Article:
Saturday, October 15, 2011

Cooking Sous Vide for the "Medium to Well" Crowd

Last night I had some friend over from the midwest.  The only reason I say midwest is that I'm originally from the midwest as well (Cincinnati), so I know the stereotype!  We midwest men like our steak "medium to well" thank you very much!  It took years of California living to transform me to the "Medium Rare" man that I am today (HAHA).

Enough digression, so I was going to make steaks for everyone, but we like them medium rare and he likes his medium well.  Luckily I have two water baths so I could have cooked mine at 132-135F and his at 150F and be done.  However, we were actually having surf and turf which means I was also cooking lobster which I do at 145F.  So I was faced with the similar problem of having more food to cook sous vide than I had water baths.  Of course the simply answer would be to cook the steak first and then the lobster sequentially in one of the water baths after the steak was done.  While simple, this would have extended the overall cooking time by 1 hour.  This dilemma is equivalent to having one water bath and the two steaks to cook (at different temperatures).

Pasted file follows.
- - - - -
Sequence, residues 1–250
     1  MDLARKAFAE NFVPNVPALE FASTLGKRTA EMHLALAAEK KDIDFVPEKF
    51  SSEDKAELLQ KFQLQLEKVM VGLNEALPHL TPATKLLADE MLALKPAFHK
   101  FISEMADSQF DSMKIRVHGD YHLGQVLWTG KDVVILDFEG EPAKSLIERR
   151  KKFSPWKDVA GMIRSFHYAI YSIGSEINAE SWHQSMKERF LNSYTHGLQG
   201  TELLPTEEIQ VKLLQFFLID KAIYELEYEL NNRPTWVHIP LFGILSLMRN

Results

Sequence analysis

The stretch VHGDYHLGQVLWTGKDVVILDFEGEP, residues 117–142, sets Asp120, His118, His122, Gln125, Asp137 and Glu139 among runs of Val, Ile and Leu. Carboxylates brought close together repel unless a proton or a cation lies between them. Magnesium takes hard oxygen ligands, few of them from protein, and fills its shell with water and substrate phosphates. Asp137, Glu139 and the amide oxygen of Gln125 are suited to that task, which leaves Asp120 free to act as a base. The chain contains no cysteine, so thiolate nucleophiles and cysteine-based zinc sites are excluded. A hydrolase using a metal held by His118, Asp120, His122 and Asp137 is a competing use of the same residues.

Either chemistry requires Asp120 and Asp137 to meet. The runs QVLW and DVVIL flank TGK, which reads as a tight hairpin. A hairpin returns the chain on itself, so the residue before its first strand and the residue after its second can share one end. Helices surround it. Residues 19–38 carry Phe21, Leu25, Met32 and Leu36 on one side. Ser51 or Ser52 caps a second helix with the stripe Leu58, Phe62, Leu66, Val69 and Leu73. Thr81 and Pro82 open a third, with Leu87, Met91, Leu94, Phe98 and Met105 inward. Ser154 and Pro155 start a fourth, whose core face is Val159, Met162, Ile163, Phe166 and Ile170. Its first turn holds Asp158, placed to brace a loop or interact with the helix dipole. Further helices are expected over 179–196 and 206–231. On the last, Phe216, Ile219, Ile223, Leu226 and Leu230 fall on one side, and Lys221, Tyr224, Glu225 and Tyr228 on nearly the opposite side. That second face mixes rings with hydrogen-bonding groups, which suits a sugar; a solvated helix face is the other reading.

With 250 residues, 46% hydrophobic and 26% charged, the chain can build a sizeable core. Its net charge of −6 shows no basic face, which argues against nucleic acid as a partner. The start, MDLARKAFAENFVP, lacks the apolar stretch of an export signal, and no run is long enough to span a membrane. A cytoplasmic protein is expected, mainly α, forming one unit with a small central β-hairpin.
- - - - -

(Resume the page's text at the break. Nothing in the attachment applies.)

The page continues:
So I decided on another approach that I wanted to share with everyone.  I cooked the medium rare steaks in one water bath at 135F for 1 1/2 hours.  I heated up the other water bath to 145F and dropped the medium well steak in for 1 1/2 hours.  After 45 minutes, I dropped the lobster into the same water bath for 45 minutes.

The above approach yielded a perfect medium rare steak out of the first water bath and a perfectly cooked (I don't like the mi cuit version of lobster) lobster out of the second water bath.  I felt that the medium well steak out of the second water bath was probably a little underdone.  I turned the oven broiler on and set the oven rack to its second highest level (not the typical broiler level, but one down from there).  I put the steak in and set the timer for 3 minutes.  After 3 minutes I turned the steak and set the timer for 3 more minutes.  After that I took the steak out and let it rest.  I cut into it and it was a perfect medium well yet still very tender and juicy!

The moral of this story is that there are many ways to achieve the desired level of doneness for your dinner guests using sous vide without resorting to sequential cooking which can elongate the cooking process beyond what is acceptable.  Using a combination of sous vide and standard cooking methods (broiler, oven, searing), you can achieve wonderful results!  Cheers!


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